is dedicated to exploring.

Sweet CaCao


There are far, far better

things ahead than any we leave

- C.S. Lewis




229.226.2565 | ALEXANDERVANN.COM

304 Smith Avenue, Thomasville | | 229-226-5880





VALDOSTA OFFICE: 229.244.2000


Allen Thompson


676 INDUSTRIAL DRIVE | TALLAHASSEE, FL 32310 | 850-509-7512



1428 remington drive, thomasville 229.225.9277

1817 thomasville road, tallahassee 850.765.5712

dine in

carry out


Our legacy is a better future for our community. | 229-516-0977



Bugging Out

Over Art Since 1969

229.226.PEST |




Facing the Storm by Michelle Decker

The Gift Shop




229-226-3276 | 2566 East Pinetree Boulevard, Thomasville




everything else.



THOMASVILLE | (229) 228-4333

MOULTRIE | (229) 985-1590

nothing left but crumbs.


The Biscuit Company





It takes a collective to make a great beer! We are a collective of

farmers, brewers and passionate craft beer lovers. We are growing

organic barley, wheat and rye as well as hops and various fruits on our

Albany, GA farmlands. Enjoy a taste of South Georgia in every pint!

120 PINE AVE | ALBANY, GA 31701





Holiday Calico Arts & Crafts Show

November 9 & 10, 2019

Lights! Lights! Thanksgiving Night

November 28, 2019

Small Business Saturday

November 30, 2019

Moultrie Service League Santa Stroll & Roll

December 7, 2019

Christmas Parade

December 12, 2019


Moultrie Automotive Swap Meet

Moultrie Federated Guild Antique Show & Sale

Spring Calico Arts & Crafts Show

Spring Fling & Backyard BBQ Festival



(229) 226-3388






Saturday, November 30 at 7:30 p.m.

Sunday, December 1 at 2:30 p.m.



Saturday, January 25, 2020


Selected Works from


NOVEMBER 22, 2019 – APRIL 30, 2020


(229) 226-2344


Collection on loan from

Thomasville Center for the Arts.

Thomasville, Georgia • St. Simons Island, Georgia • Charleston, South Carolina


Securities offered through Allen Mooney Barnes Brokerage Services, LLC (Member FINRA/SIPC).

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Original art, “Quail Crossing” David Lanier,

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What happens to historic

preservation when the only

place left to go is up?


divots in the wooden planks beneath

your feet, ornate designs in the tiles

above your head.

Have you ever stepped into a building

and immediately felt the weight of its

history? I have.

In 2013 Spencer Young, co-owner of

Grassroots Coffee Company—and,

admittedly, my husband—started

mentioning buying a building in

downtown Thomasville to house our

coffee shop, which had been open

four years. I told him: No way. Not

happening. Look away.

Luckily for the people of Thomasville,

he’s the visionary, not me. And it

wasn’t long before buying a building

downtown is exactly what we did.

A beautiful, grand 12,000-square-foot,

three-story building.


Written by

Megan Young

Photographed by

Michael SeRine



When old buildings are kept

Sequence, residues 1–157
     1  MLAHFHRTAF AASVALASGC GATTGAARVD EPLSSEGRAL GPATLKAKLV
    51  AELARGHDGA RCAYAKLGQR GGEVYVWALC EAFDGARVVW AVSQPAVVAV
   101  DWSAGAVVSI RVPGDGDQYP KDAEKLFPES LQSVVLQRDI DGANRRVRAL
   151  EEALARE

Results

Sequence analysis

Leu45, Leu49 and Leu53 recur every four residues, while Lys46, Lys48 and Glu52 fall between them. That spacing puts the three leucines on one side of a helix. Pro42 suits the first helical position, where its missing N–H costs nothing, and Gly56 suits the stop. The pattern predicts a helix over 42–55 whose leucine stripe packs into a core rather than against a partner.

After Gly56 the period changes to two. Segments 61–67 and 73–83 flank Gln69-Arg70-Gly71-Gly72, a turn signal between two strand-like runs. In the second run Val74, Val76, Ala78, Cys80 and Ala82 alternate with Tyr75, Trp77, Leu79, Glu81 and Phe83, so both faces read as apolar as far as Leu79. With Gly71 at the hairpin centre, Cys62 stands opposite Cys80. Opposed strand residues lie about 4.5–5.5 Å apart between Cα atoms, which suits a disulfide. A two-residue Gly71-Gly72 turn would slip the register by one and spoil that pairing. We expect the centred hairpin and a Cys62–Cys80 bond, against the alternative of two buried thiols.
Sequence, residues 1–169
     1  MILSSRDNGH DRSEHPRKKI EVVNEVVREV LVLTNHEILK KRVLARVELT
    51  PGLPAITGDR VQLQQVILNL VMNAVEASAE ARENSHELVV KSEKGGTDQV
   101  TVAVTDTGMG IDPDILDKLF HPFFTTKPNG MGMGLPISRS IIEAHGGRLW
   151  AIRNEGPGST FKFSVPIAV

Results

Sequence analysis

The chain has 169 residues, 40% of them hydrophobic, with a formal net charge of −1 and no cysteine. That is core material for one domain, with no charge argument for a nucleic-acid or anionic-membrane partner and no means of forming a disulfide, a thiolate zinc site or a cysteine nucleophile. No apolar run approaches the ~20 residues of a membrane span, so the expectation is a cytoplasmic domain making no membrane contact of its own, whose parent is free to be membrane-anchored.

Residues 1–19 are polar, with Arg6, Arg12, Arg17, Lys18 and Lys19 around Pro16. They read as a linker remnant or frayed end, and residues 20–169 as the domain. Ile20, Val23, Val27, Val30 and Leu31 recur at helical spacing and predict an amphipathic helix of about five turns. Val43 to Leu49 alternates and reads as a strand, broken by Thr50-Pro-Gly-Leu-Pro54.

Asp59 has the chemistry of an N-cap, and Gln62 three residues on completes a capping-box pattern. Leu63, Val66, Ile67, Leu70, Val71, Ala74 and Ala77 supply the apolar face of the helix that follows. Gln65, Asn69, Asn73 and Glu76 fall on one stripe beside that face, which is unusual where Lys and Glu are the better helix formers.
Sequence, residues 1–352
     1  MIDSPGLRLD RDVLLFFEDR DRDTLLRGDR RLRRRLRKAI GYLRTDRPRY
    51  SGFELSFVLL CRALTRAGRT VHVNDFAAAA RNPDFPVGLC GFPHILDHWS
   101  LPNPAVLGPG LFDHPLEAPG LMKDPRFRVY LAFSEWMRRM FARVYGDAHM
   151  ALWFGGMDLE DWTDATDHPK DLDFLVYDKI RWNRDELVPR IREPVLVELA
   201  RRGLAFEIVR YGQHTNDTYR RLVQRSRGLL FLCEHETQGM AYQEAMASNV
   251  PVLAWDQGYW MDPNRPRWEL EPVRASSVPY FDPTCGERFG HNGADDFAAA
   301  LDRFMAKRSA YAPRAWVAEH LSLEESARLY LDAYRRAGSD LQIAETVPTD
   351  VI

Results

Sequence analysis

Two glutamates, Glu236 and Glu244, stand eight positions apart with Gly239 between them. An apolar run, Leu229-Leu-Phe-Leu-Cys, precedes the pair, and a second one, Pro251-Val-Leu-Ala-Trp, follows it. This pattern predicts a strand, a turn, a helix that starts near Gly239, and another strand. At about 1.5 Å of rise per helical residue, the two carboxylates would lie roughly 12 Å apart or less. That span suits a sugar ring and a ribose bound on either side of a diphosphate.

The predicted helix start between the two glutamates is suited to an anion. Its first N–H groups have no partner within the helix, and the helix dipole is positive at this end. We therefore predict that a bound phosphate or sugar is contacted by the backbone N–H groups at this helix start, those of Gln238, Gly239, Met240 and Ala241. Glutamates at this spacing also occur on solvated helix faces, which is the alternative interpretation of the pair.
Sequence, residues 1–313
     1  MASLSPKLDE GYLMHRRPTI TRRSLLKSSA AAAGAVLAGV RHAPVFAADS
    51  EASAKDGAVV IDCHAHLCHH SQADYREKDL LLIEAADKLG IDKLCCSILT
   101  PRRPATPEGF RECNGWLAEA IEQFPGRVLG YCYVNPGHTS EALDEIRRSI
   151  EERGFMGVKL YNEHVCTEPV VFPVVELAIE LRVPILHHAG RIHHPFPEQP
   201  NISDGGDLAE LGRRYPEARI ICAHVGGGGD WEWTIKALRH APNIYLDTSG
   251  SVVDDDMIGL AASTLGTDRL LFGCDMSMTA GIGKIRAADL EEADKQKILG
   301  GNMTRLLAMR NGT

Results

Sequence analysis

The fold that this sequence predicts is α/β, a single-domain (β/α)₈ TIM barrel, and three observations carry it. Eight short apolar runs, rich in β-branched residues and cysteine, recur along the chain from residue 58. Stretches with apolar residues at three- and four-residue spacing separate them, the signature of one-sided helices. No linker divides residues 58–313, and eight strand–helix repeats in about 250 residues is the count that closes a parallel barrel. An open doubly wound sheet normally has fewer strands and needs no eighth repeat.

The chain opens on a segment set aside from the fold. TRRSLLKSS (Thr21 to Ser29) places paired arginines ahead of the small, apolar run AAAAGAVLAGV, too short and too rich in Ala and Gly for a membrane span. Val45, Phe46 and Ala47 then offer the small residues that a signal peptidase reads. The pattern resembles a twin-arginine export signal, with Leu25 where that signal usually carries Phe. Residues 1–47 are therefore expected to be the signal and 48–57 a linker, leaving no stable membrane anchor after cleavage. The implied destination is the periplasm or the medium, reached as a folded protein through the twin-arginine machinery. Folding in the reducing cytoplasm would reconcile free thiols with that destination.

alive by dutiful, creative and

diligent owners, the experience

one has there can be pure

magic. Spencer, as it turned

out, had big dreams for every

single inch of our new project

on South Broad Street.

Spencer didn’t know right

away that he wanted to build

apartments in the space

upstairs. But he knew he would

do something. “I can’t just let

it sit there, collecting dust,”

he would say to me across

the dinner table, dreaming

about the building’s future.

Eventually, our conversations

turned to downtown living.

Spencer had some background

knowledge going into this


A born entrepreneur, he’d spent

countless hours researching

city planning, sense-ofplace

initiatives and historic

preservation. So he already

knew the facts: Utilizing unused

upper floors ultimately betters

the community, drives dollars

to the downtown and turns

the area into an 18-hour street

instead of an eight-hour street.

For every dollar that is spent on

historic preservation, five are

returned to the local economy.

It’s not much of a leap to see

why city planners get behind

entrepreneurs who are willing to

make these sorts of investments.

By creating downtown housing,

our community is helping build

a downtown where people can

live, work and play.

“Investing in upper-story

development of our historic

downtown buildings and

increasing downtown living

provides opportunity for

our community to grow and

encourages a more walkable

and bikeable city,” says

Thomasville’s Main Street

and business-development

director, April Norton. “Our

footprint is surrounded by

beautiful plantations, so for

Thomasville to grow, it is vital

that we continue to encourage


“Investing in upper-story development of our historic

downtown buildings and increasing downtown living

provides opportunity for our community to grow and

encourages a more walkable and bikeable city.”

upper-level preservation

and development in our


Revitalization, visionaries, old

buildings: a match made in

historic-downtown heaven.

Keira Moritz, owner and

chef of Steel Magnolias in

downtown Valdosta, has been

part of a similar second-story